The announcement by the luxury brand, part of Stellantis (STLA.MI), comes as a shortage of semiconductors forces automakers around the world to slow or suspend production.
Maserati said its decision stemmed from ongoing disruptions in the supply of parts.
“In particular, due to a scarcity of semiconductors, production volumes would not adequately meet expected global demand,” Maserati said in a statement.
A global premiere for the Grecale, which will be produced in Cassino in central Italy, was initially scheduled for Nov. 16.
Silly me, I had November 16 circled on the calendar in hot anticipation, like tens of others.
I have been sent a press release not once but twice by someone on behalf of the Geely-owned Chinese electric brand Zeekr, announcing that the Zeekr 001 is now in production. Here is a photo:
The Zeekr was first shown in April; that it’s in production just six months later is really quite something. The 001 is an electric hatchback for China that goes from zero to 62 mph in 3.8 seconds. Zeekr says the first deliveries will be later this week. Its manufacturing process sounds very automated.
The ZEEKR Intelligent Factory is one of the most advanced vehicle facilities created to date thanks to a 5G+ system that allows for agile and transparent production management.
Areas such as the welding section are fully automated with over 300 robots carrying out the work with limited human intervention thanks to the factory utilizing an industrial grade 5G+ intelligent internet system that allows production to be planned, tracked and checked in a fully transparent manner.
In addition, the ZEEKR production process allows for continuous self-optimization, ensuring the quality of each ZEEKR product. For example; the welding production line adopts monitoring systems such as glue application visual guidance, online measurement, and ultrasonic self-inspection, and uses intelligent self-adaptation for welding control to continually improve the welding process.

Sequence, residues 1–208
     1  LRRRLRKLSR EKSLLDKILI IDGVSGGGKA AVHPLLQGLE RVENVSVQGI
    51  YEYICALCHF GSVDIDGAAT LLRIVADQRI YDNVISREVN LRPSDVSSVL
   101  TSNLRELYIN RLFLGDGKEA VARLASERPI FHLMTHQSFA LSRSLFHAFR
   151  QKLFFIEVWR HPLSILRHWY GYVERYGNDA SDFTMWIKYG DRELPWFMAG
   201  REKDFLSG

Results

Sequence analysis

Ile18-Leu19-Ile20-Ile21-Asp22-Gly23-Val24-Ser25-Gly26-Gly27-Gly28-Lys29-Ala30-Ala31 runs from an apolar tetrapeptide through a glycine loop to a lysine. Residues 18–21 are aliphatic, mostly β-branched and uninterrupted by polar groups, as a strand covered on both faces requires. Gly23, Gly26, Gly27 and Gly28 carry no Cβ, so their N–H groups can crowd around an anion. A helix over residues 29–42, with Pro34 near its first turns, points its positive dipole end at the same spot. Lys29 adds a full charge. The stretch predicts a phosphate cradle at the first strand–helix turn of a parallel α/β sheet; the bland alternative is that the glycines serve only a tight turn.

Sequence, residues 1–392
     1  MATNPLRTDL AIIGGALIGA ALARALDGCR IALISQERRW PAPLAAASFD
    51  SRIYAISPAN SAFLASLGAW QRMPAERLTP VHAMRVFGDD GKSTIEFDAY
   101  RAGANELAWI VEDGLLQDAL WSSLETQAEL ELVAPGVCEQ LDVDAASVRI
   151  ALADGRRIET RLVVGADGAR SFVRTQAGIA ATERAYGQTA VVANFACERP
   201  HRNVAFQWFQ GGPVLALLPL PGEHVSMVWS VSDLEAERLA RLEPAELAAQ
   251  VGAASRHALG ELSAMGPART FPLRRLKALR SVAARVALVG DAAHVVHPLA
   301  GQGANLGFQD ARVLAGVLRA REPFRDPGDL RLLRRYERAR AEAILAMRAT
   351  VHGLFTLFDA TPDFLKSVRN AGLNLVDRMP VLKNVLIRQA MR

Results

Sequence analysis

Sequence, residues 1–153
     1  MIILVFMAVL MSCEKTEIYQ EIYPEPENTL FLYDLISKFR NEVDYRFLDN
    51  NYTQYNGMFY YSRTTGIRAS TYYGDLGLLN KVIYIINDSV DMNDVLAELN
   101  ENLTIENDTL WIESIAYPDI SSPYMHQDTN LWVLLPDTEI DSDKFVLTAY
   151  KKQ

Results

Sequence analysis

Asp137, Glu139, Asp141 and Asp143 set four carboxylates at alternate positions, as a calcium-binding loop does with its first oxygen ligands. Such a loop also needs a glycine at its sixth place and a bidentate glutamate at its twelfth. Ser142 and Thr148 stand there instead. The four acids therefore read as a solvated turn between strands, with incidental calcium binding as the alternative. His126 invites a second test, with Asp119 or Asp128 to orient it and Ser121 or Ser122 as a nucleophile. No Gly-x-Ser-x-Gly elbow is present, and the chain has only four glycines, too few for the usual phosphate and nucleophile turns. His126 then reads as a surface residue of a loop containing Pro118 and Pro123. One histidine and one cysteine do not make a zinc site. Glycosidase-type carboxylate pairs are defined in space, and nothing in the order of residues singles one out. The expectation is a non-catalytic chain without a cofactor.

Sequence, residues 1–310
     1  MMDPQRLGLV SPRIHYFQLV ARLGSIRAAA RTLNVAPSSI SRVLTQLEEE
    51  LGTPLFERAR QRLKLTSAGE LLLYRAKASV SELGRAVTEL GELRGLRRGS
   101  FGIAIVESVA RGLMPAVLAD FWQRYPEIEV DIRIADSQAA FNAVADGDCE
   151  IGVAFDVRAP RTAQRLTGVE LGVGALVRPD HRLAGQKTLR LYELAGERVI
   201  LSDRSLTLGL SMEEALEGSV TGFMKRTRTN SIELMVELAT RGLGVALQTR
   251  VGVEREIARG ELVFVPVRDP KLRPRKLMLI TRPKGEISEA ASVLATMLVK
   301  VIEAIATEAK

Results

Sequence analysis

Congratulations to Zeekr. Maybe one day in the U.S. we’ll see companies racing to produce cool electric hatchbacks. Just kidding, don’t get your hopes up.
Geely-owned Volvo Cars said on Monday its initial public offering would be priced within a range of 53 to 68 Swedish crowns per share, valuing the automaker at up to $23 billion in what is likely to be one Europe’s biggest listings this year.
The carmaker said in a statement its IPO would value the company, maker of models such as the high-end XC-90 SUV, at between 163 billion and 200 billion crowns and that shares would begin trading on Oct. 28.
“I think we have a very strong interest especially from the Nordic investors,” Volvo Chief Executive Hakan Samuelsson told a news conference called at short notice as the prospectus for the offering was unveiled.
NordLB analyst Frank Schwope said his initial assessment on valuation had been more conservative.
“I think their ability to pull off this valuation depends on Polestar, not just their investment but also how they can work together. Polestar is a promising company but what you are paying for there is for the future,” he said.
That analyst is in part referring to Polestar’s own bid to go public, but by SPAC. Good luck to both.
It is that time of year in New York when the weather is troublingly good, and I feel like I’ve been seeing lots of takes lately about how, of the months, October is the finest. As someone with an October birthday, I’m inclined to agree.